Average house price rises by £33k as costs start climbing again

·4-min read
House prices  People look at properties on display in the window of Winkworth estate agents in Islington, London, Britain, December 10, 2021. Picture taken December 10, 2021. REUTERS/May James
House prices inched up in October. Photo: May James/Reuters

The average UK house price hit a new record high of £296,422 in October, up from September’s £295,528.

The figures from the Office for National Statistics showed that on an annual basis, average UK house prices were 12.6% higher than in October 2021, up from 9.9% in September.

This means that the average UK house price was £33,000 higher in October than a year earlier.

Steadily increasing prices throughout 2022 resulted in the average UK house price reaching a record high.

The typical house price in Scotland increased by 8.5% over the year, to £195,000.

The average house price in Wales increased by 11.8% over the year, reaching £224,000.

In England, the typical property value jumped by 13.2% annually to £316,000.

The average house price in Northern Ireland increased by 10.7% over the year, reaching £176,000.

The North East continued to have the lowest average house price of all English regions, at £168,000 in October 2022, which is a record high for the region.

However, the North East has changed from being the region with the lowest annual house price inflation in September 2022, to the region with the highest house price inflation in October 2022.

Read more: UK inflation eases to 10.7% but food prices continue to soar

Average prices in the North East increased by 17.3% in the year to October 2022, up from an annual percentage change of 6.7% in September 2022.

Aimee North, ONS head of housing market indices, said: “Annual house price inflation increased in October, although this was mainly because of the sharp fall in house prices at the same time last year following the end of the stamp duty holiday.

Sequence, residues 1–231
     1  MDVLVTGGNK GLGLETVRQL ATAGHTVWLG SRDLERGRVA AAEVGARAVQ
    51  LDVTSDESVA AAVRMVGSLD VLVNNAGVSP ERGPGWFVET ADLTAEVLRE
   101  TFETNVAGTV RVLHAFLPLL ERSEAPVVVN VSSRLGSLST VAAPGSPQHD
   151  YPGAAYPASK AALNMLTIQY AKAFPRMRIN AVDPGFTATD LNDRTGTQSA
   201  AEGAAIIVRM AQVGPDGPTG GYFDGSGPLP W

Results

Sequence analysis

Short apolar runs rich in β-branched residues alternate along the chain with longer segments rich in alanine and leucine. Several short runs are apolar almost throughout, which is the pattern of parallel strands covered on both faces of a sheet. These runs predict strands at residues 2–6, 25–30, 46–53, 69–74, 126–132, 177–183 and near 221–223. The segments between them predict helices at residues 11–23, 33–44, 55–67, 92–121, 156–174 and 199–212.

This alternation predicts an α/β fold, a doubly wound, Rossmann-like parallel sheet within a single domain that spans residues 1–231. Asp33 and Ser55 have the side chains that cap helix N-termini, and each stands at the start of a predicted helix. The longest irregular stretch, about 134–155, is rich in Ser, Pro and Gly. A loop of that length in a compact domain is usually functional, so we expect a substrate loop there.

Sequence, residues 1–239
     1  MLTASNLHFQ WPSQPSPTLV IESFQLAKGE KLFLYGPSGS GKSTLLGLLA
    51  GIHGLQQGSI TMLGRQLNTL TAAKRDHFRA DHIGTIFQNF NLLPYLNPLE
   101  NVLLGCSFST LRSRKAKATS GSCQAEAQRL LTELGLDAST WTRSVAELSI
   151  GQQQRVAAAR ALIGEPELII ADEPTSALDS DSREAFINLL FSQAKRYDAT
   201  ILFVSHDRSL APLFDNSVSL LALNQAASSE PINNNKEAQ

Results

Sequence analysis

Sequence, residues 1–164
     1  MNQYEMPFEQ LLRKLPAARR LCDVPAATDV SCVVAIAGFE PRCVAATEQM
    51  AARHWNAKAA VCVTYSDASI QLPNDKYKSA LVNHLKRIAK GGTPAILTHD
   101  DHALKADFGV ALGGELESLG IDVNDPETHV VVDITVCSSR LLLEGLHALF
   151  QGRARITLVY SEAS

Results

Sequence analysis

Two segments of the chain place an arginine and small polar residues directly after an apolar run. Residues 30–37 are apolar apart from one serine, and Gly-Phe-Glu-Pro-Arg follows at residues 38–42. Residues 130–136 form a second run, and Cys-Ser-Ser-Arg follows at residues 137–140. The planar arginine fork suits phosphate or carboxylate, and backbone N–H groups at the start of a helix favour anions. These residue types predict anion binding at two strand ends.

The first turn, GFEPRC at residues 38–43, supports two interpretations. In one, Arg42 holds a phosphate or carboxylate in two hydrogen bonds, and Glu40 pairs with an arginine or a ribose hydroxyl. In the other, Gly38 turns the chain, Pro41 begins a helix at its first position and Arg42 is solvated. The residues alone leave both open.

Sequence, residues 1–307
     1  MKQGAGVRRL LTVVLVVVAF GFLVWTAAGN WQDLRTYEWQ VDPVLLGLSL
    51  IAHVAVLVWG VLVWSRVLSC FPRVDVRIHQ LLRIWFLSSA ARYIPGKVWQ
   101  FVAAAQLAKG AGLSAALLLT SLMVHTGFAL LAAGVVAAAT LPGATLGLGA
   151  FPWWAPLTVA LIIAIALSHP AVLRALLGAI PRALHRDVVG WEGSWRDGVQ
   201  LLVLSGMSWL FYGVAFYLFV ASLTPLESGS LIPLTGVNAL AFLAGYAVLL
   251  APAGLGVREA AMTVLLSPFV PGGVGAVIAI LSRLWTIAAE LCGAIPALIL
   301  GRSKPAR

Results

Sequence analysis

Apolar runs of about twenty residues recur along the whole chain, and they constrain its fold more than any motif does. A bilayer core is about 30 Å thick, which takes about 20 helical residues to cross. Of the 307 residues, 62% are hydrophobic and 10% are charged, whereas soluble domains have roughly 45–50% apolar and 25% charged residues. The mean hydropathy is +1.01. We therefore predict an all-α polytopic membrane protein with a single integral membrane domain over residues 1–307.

“London saw the lowest annual growth throughout the UK and was the only region to show a fall in average house prices between September and October 2022, while house prices in the North East saw the highest annual growth.

“Rental prices reported their strongest rise in six years, driven by increases in the London rental market. East Midlands reported the highest annual rise while Wales replaced London as the region with the lowest.”

ONS figures showed that private rental prices paid by tenants rose by 4% in the 12 months to November 2022, up from 3.8% in the 12 months to October 2022, representing the largest annual percentage change since the records started in January 2016.

Annual private rental prices increased by 3.9% in England, 3.1% in Wales and 4.4% in Scotland in the 12 months to November.

Read more: Bank of England: 4 million mortgages to rise next year

Private rental prices in London increased by 3.5% in the 12 months to November – the strongest annual percentage change since April 2016.

Jeremy Leaf, north London estate agent and former RICS residential chairman, said: "At first glance, this most comprehensive of all the housing market surveys seems to demonstrate considerable resilience. However, digging a little deeper, these numbers reflect what was happening in late summer and early autumn, not what we’ve been seeing in our offices since.

"Most demand, fuelled by mortgages arranged on more advantageous terms, seems to have been satisfied. A better test will come in early 2023 when a large proportion of buyers have to decide whether they will continue to press the pause button or review their searches in response to lower mortgage rates and inflation figures."

Sarah Coles, senior personal finance analyst, Hargreaves Lansdown, commented: “House price rises bounced back in October, but this isn’t quite what it seems. It owes an awful lot to the fact that at the same time a year earlier average house prices actually fell £6,000 in the month after the stamp duty holiday finally came to an end. In reality, house prices were up just 0.3% between September and October. And this is also a snapshot of the relatively halcyon days, before the chaos of the mini-budget brought confidence in property prices crashing down around our ears."

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